A few months ago my lab had a new member. Shortly after he joined I started hearing from students in other labs that he was being very weird, hinting that they were somewhat bothered. For instance he would roam around near other people's benches, stand really close to a student doing their work, or even follow them when they move to another machine.

We are in an open-lab environment so a lot of labs share the same area. Maybe it was confusing to him and he thought it was fine to do what he did. Still, I talked to my PI and he had the situation dealt with. However, when I am working he still likes to stand on the side staring at me. Apparently my PI forgot to tell him don't do that to your colleagues either. I know he's just being curious and wants to learn. I could probably use this as a precious opportunity to train myself to focus and ignore distractions. And I have learned over the years to tolerate some social behaviors in scientists which are not accepted by the general public. But his behaviors can be REALLY disturbing sometimes.

How should I talk to him about this without making the whole thing too awkward? I am afraid if I tolerate him any longer one day I would just blow up and yell at him... I don't want things to turn out ugly.

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    Have you tried a simple "hi, can I help you with something?" If they reply "no", you can simply tell the truth: "If that's the case, then I'd appreciate it if you wouldn't stand there watching me; I find it very distracting."
    – tonysdg
    Aug 25, 2017 at 18:27
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    In these cases it's probably better to talk to the offender first, then to the boss.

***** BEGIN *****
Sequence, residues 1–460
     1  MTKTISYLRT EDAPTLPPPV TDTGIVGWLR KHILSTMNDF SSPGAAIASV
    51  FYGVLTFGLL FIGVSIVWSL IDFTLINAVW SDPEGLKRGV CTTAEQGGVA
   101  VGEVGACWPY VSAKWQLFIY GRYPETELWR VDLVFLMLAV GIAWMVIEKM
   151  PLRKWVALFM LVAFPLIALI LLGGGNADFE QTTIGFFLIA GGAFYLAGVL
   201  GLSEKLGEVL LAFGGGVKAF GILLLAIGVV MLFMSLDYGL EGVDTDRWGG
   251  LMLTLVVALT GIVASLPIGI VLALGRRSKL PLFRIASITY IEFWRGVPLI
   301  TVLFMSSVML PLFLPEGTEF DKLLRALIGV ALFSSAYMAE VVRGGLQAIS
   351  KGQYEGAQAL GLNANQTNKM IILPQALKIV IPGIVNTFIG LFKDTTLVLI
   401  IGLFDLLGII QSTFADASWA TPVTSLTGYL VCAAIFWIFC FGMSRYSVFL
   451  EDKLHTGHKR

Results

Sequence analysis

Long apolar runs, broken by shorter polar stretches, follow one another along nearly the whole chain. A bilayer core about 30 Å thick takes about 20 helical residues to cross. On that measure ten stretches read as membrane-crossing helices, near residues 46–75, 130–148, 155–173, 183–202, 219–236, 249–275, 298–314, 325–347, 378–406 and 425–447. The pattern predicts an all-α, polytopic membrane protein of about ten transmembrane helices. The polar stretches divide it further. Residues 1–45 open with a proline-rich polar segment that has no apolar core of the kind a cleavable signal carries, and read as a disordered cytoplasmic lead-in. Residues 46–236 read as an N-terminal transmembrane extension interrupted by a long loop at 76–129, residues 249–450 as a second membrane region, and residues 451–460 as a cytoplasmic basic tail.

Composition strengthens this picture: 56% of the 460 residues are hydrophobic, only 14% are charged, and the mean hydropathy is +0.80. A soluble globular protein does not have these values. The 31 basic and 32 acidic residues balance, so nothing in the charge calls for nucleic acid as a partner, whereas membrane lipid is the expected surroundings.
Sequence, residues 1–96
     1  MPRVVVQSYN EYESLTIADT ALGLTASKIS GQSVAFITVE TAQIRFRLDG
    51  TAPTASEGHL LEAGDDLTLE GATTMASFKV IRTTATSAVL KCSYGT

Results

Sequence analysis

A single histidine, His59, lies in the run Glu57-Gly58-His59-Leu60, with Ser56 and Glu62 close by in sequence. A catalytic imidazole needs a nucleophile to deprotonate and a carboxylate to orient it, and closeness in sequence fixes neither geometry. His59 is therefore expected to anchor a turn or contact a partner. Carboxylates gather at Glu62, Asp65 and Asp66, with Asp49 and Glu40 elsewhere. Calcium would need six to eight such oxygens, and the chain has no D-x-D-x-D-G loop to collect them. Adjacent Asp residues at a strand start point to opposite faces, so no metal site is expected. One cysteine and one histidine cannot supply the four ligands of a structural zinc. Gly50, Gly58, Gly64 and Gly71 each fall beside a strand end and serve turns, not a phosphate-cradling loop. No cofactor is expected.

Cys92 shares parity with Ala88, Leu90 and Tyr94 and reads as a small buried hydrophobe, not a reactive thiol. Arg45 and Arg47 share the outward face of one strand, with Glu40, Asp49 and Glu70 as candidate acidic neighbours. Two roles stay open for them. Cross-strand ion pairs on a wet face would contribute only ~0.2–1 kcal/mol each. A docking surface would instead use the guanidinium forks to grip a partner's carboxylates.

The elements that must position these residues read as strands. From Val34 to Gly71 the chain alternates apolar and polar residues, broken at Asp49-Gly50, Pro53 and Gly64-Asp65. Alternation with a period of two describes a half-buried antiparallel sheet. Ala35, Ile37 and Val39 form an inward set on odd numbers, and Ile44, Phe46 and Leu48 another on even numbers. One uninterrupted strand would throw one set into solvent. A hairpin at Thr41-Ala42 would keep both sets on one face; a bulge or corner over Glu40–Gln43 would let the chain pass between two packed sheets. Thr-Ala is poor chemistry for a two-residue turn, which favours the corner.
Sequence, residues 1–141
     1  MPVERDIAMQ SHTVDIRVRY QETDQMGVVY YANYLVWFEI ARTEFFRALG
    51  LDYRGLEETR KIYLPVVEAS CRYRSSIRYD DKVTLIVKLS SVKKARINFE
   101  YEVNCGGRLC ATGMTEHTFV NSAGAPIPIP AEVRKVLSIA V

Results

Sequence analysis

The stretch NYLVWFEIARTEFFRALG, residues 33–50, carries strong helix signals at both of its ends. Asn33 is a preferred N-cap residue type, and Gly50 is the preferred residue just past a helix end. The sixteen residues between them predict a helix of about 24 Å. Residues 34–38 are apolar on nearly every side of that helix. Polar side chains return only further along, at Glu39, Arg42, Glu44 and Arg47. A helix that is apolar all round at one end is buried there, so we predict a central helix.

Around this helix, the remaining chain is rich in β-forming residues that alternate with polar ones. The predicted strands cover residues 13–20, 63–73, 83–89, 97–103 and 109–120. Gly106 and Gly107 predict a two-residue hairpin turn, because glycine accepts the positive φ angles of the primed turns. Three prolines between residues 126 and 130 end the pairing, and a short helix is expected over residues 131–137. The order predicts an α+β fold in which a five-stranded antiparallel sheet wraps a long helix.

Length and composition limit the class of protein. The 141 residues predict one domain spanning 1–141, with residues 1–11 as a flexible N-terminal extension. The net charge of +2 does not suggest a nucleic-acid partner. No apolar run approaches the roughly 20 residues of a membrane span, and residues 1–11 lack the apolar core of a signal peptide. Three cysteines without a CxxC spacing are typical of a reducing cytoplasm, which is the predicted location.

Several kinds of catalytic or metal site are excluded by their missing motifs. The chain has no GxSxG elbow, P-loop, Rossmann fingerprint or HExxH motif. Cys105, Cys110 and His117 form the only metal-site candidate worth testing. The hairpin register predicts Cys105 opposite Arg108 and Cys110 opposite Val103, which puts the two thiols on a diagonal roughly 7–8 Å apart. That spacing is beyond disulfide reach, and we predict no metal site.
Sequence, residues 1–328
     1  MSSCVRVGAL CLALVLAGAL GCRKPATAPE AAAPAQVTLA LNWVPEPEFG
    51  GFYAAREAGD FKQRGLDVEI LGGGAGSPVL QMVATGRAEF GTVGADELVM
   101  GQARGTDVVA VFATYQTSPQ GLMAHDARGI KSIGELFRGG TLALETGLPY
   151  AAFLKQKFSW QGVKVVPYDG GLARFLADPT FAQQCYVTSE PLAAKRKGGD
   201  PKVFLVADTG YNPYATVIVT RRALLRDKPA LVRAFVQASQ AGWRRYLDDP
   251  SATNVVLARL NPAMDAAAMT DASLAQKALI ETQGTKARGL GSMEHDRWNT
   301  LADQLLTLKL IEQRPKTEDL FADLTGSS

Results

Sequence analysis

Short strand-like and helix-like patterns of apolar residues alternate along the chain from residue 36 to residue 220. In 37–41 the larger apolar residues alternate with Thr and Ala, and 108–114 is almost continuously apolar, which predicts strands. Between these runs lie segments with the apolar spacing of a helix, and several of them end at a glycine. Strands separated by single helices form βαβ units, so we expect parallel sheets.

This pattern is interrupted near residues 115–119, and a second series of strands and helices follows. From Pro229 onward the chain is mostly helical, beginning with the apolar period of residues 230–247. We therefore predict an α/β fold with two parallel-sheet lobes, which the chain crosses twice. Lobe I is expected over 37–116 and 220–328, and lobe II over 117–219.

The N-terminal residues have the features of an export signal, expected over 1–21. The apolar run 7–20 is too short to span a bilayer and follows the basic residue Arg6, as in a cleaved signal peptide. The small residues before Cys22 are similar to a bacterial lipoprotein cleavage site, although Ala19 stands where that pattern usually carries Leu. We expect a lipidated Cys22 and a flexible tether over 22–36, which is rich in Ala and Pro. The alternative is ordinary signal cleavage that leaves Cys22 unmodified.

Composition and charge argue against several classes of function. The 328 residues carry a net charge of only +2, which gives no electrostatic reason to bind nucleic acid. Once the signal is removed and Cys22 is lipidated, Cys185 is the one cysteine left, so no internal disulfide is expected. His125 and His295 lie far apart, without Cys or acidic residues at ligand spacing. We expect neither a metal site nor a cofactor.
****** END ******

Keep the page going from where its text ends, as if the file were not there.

– Blat
    Aug 25, 2017 at 18:35
  • When I ask he would just turn away, maybe it's a pride thing. Then he repeats the next day and I wouldn't want to ask any more.
    – Menglan
    Aug 25, 2017 at 18:40
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    @tonysdg this should be an answer. Actually, the answer. Aug 26, 2017 at 9:18
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    Assuming the stare is not sexual in nature, it could be this: "The Asperger's Stare" see wrongplanet.net/forums/viewtopic.php?t=101650 It's not limited to people with Aspergers, my mom had it on some occasions before her life ended. Once she freaked out a waitress, she was really sorry she did that. It's not like she was consciously doing it. It happened when she was stressed. Aug 26, 2017 at 12:05

1 Answer 1


It's more of a comment, but I just want to voice that in my teaching career, I did encounter a couple people with these traits and they do have what we called Autism spectrum disorder (ASD). I am not diagnosing OP's colleague, but I'd like to suggest this possibility, and we should be mindful that it may not be fair to assume the person of question can fully function socially.

After talking to faculty and doing some homework searching for resources, what I found useful was i) talk to the person privately about your expectation, and ii) be direct, don't use social hints. In many ways it's not that different from what other users suggested you to do, but I'd just like to add another point that sometimes some people can appear to be rude because they don't know it's rude, not because they are rude.

  • I'm quite sure that he doesn't realize he's being rude. It's also almost impossible for him to take a hint. That's why I'm worried if he'll be really hurt if I'm direct with him.
    – Menglan
    Aug 28, 2017 at 15:54
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    It is fine to be direct, just don't be mean. "Unless you need something, I'd appreciate it if you wouldn't stand there watching me; I find it very distracting." It will likely happen a few more times, and you can start saying, "Just a reminder, I find your watching me distracting!" It doesn't need to be a big conversation.
    – Dawn
    Aug 28, 2017 at 16:42

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